Opening reception: Tuesday, September 13, 2016 – 7:30-10 PM
Exhibition dates: September 14, 2016 – November 6, 2016
Curated by Shoghig Halajian and Thomas Lawson
with Laura Aguilar, Barbara Ess, Coco Fusco, Juliana Huxtable, Metahaven, Carlos Motta, MPA, Sondra Perry, Christine Rebet, and Jimena Sarno
DISSENT: what they fear is the light is a group exhibition that explores the changing understanding of privacy and control in a world inundated with surveillance and oversharing. The political discourse of this century has been framed by the fear of “terror” and the subsequent need to police anything and everything that is deemed a threat. Under the promise of security, local and federal governments enhance surveillance techniques that seem capable of drilling into individual thoughts and desires.
The exhibition considers issues of visibility and invisibility within governmental and institutional administering, tracking, and policing practices. Topics explored include: the National Security Administration’s blind surveillance program and eradication of privacy, the increasing militarization of the border, the prevalence of racialized police violence, and identity construction through self-surveillance technologies.
The relentless collection of personal data amounts to a system that aims to monitor and categorize all subjects, where foreign and unrecognizable identities are marked harmful and predatory. Notions of terrorism and otherness are employed to expand surveillance and policing, which disregard the need for warrants or for suspicion of criminal activity. Misleadingly promoted as a means to protect citizens from foreign dangers and to promote democracy, surveillance ultimately serves to oppress internal dissent and censor political insurgency.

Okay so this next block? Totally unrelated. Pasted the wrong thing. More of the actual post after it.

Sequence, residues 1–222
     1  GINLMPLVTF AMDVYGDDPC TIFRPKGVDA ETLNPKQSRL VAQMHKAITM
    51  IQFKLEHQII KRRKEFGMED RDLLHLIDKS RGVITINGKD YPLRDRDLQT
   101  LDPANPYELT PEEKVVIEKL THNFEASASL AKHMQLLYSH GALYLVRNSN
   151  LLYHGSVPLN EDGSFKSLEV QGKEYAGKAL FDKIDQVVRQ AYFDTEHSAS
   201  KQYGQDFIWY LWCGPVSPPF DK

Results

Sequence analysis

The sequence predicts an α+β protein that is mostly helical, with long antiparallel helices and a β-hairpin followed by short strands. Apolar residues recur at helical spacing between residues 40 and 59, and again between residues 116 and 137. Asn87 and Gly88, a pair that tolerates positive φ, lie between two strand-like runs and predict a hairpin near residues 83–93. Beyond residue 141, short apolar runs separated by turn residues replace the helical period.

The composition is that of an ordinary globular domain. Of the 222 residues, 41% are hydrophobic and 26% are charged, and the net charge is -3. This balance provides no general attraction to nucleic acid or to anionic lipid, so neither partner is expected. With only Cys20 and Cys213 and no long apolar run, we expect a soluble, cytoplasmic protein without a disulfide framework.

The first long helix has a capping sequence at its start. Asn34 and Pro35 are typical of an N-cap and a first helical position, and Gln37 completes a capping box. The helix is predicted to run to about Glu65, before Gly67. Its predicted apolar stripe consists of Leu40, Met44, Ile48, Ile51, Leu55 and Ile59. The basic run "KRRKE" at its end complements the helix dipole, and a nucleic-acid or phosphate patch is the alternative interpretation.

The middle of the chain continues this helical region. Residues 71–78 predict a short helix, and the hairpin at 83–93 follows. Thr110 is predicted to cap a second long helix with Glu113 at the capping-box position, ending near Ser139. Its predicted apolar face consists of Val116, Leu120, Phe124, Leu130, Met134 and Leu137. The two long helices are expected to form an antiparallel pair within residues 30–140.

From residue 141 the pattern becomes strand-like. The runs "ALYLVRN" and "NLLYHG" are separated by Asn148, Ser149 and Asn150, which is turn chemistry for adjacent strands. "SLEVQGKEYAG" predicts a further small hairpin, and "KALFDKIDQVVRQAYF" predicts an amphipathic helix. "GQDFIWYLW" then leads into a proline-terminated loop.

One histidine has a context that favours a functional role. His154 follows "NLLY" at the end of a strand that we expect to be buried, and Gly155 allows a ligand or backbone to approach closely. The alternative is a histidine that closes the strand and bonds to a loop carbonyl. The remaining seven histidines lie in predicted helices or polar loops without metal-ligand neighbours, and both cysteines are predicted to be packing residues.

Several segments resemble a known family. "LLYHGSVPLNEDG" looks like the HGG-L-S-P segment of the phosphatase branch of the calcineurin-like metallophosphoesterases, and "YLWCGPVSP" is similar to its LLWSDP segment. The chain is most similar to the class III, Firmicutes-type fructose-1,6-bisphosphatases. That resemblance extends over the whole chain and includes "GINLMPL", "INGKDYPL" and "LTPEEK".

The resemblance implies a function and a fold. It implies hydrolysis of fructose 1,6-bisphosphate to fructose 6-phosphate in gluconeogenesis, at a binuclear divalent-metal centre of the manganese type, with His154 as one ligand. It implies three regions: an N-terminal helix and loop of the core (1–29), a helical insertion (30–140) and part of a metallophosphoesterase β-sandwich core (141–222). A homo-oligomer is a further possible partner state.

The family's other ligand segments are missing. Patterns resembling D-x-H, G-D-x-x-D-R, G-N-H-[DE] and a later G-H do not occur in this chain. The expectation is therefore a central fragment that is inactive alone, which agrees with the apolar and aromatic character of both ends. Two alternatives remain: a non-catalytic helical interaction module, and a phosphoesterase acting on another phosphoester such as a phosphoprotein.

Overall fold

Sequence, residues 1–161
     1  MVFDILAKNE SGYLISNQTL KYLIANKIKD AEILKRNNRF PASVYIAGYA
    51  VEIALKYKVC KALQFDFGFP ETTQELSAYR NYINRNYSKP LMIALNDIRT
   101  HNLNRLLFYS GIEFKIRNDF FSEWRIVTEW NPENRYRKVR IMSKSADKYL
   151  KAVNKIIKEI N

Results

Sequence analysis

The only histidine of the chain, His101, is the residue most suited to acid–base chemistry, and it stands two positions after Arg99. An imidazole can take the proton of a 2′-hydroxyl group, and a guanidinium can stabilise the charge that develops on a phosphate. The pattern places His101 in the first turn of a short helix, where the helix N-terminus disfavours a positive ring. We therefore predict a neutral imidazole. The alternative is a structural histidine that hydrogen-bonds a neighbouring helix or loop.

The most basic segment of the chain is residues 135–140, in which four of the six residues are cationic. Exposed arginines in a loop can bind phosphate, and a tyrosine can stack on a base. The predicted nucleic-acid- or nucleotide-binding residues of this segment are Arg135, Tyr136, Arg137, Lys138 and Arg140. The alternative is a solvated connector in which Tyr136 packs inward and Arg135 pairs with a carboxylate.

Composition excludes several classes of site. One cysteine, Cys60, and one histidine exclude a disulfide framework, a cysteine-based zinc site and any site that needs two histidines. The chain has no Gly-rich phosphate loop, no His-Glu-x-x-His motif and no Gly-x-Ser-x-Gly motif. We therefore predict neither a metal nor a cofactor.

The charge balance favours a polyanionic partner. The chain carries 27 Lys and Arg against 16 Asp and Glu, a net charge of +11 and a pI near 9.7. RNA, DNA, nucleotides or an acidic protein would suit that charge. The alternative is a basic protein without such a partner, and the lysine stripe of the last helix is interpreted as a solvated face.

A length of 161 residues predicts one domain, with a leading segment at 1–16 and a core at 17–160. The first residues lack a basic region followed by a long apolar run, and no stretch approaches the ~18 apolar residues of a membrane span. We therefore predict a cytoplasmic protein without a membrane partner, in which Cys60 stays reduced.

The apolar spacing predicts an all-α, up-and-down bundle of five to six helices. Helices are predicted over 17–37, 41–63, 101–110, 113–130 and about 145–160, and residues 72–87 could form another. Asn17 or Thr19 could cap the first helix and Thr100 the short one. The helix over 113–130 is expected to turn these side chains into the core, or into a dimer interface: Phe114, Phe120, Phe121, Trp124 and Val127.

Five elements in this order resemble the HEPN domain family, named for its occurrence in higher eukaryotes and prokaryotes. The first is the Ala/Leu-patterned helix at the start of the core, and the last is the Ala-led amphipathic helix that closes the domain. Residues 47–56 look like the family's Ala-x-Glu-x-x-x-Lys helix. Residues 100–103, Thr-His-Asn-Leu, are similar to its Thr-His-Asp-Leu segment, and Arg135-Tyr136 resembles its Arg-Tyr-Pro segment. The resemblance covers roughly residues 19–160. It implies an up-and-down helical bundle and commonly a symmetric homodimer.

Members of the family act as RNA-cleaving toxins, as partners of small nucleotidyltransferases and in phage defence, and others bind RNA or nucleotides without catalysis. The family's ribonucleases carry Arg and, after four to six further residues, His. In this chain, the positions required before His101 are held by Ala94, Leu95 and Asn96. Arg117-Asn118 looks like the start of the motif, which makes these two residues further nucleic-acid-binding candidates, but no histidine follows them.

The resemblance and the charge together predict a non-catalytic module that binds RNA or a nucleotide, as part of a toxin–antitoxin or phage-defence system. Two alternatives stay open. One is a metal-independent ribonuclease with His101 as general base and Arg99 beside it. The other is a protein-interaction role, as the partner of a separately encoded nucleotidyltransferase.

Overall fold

DISSENT takes LACE’s seminal 1987 exhibition, SURVEILLANCE, as its starting point. Curated by Brenda Miller and Deborah Irmas, SURVEILLANCE considered questions of privacy and access around uses of technology, and delved into artists who exposed and discussed the policies around technology that affect individual constitutional rights. Read more about Surveillance (1987) here.
DISSENT features newly commissioned works by MPA and Jimena Sarno, and works by Laura Aguilar, Barbara Ess, Coco Fusco, Juliana Huxtable, Metahaven, Carlos Motta, Sondra Perry, and Christine Rebet.
The project includes an accompanying catalogue, designed by Still Room.
Image: Sondra Perry, Lineage for a Multiple-Monitor Workstation: Number One, 2015. Courtesy of the artist.
ABOUT THE ARTISTS
LAURA AGUILAR was born in 1959 in San Gabriel, California. Aguilar attended the photography program at East Los Angeles Community College and continued her studies with The Friends of Photography Workshop and Santa Fe Photographic Workshop. Her work has been exhibited at the Venice Biennial, Italy; the Los Angeles City Hall Bridge Gallery, the Los Angeles Contemporary Exhibitions (LACE), Los Angeles Photography Center,Women’s Center Gallery at the University of California in Santa Barbara, Self Help Graphics, all in CA; and the University of Illinois in Chicago, IL. She was an Artist in Residence at Light Works in Syracuse, NY in 1993; received a Brody Grant from the California Community Foundation in 1992; received an Artist in Residence grant from the California Arts Council through the Gay and Lesbian Community Services Center of Los Angeles in 1991/92; and an Artist’s Project Grant from LACE in that same year. Laura Aguilar will have her first comprehensive retrospective at the Vincent Price Museum as part of the Getty’s Pacific Standard Time:LA/LA. To read more about the retrospective click here.